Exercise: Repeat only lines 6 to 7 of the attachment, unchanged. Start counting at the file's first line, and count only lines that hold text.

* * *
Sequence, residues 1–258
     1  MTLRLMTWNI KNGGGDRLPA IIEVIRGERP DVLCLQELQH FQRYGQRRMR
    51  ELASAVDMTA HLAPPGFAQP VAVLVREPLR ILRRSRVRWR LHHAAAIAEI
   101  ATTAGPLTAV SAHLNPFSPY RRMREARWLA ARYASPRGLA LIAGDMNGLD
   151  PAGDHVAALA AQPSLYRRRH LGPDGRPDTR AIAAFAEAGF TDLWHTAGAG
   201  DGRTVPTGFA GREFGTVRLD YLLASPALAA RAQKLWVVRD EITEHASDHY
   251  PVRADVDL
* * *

   201  DGRTVPTGFA GREFGTVRLD YLLASPALAA RAQKLWVVRD EITEHASDHY
   251  PVRADVDL